Matt Dillon gives one of the best performances of the entire year as Jack. Whether The House that Jack Built would work as a movie relied on a number of things (it could’ve easily turned out to be a disaster), and one of the most critical things was the performance of the titular Jack character. I haven’t seen Dillon in much outside of Crash but he did a fantastic job here. He is great at showing Jack’s development over the 12 years, especially how he starts off not being that great as a killer, and then him becoming much more unstable, experienced and more willing to take risks as the film progresses. He also showed great range, going from being awkward and hilarious and intimidating in the next. The supporting cast which includes Riley Keough and Uma Thurman were all pretty good, though usually just limited to one scene appearances. The standout supporting actor was Bruno Ganz who voices Verge, who Jack speaks to. I didn’t mention this before but I feel like Verge was essential to this movie working, as during the narration portions when they are talking, they conflict and debate a lot. Without Verge, we would just be watching Jack discuss his killings and talking about his perception about art without being challenged at all. The film needed some sort of moral centre and it certainly wasn’t going to be Jack’s victims who get like 10 minutes of screentime max. On top of that, Verge calls out Jack for a bunch of things, whether that be his misogyny, arrogance or his ego. Because of this, I highly disagree with all the criticisms of this movie glorifying serial killers or being misogynistic, the movie is pretty much condemning Jack throughout.

Lars von Trier’s direction is great and had a really good look to it. His previous movies do this but they have that weird unnecessary cutting in scenes, I’m used to it by now though but I can see other people finding it rather distracting. Overall though the editing really helped and added to the movie. The third act is vastly different from the rest of the movie, and without spoiling anything has some stunning visuals, it truly is a spectacle to watch. I pretty much loved everything they did with the movie. Now to deal with the elephant in the room: the violence. I heard much of the scenes of violence before going in. With the violence, they go the more realistic route rather than the bloodbath approach, I’d say that less blood was seen here than in American Psycho (to compare it to another serial killer movie). I know it’s a weird thing to say but honestly I found the violence to be way tamer than I thought it would be (not to say that most people will be perfectly fine with the violence in this movie). I’d say honestly its more about what exactly happens that’s disturbing than how it’s portrayed. That’s not to say however that there aren’t scenes that aren’t hard to watch (again primarily in incidents 3 and 4), but they are careful not to be too gratioutous with what happens. For example there’s a moment when Jack can be seen cutting off a body part (at least in the director’s cut) and it only lasts for like one second, and that was one of the more graphic moments of the film. There are two versions of the movie, the director’s cut and the theatrical cut, I managed to watch the director’s cut. I have a feeling there’s a slight difference regarding the violence, with some cuts to slightly tone it down a bit. However, if you’re really questioning which version to watch, I don’t think it would be a major difference honestly (I still think the director’s cut is the way to go). I will say this though, if you could stomach von Trier’s Antichrist, then I don’t think you will have too much of a problem with this film.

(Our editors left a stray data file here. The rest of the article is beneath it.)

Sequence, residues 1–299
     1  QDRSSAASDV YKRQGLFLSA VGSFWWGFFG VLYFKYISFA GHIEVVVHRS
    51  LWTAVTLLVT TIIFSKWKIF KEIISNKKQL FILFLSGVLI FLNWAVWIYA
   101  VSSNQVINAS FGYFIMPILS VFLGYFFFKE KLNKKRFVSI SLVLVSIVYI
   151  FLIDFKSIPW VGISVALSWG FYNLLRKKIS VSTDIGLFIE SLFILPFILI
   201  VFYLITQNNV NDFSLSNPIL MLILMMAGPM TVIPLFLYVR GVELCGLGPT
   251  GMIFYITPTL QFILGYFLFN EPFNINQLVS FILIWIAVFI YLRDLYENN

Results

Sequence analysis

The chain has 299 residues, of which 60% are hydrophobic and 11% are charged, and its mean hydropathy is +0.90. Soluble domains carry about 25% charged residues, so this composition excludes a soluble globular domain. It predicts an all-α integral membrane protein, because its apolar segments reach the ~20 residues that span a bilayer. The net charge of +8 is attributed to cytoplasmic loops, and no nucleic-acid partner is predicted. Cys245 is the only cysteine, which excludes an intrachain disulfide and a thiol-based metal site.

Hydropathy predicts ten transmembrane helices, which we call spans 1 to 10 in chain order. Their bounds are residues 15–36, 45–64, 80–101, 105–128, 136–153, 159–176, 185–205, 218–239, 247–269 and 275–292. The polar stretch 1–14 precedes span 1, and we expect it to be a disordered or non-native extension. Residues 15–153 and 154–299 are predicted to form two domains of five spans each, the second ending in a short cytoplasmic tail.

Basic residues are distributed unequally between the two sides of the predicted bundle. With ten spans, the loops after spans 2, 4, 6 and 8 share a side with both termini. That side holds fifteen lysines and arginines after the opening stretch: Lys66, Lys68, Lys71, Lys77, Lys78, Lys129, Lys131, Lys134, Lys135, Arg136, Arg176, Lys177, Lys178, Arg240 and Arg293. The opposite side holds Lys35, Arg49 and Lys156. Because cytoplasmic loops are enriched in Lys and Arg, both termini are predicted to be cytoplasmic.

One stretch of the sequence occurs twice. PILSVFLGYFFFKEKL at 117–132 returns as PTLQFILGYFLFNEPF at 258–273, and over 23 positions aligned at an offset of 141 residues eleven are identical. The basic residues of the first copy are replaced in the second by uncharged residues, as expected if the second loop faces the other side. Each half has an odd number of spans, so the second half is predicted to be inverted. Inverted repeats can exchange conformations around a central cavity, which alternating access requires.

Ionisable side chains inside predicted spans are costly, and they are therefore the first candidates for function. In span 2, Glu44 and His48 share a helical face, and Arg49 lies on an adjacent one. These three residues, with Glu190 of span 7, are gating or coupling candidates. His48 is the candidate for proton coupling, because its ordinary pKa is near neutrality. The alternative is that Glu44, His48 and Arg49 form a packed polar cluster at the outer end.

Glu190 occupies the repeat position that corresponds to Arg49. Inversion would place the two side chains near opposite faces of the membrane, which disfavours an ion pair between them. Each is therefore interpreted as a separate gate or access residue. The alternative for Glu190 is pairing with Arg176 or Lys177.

The House that Jack Built won’t be for everyone, along with the violence and the fact that it’s about a serial killer, it is quite an ‘arty’ movie and has a lot more going on with it. People just expecting a simple serial killer movie will be let down. To me, it’s one of the best films of the year. Along with its great direction, its darkly hilarious, fantastically made and features one of the year’s best performances by Matt Dillon. I have a feeling that this is von Trier’s last film, given some of the things that happen in the movie as well as the ending, if that’s the case then he’s ending on a high note.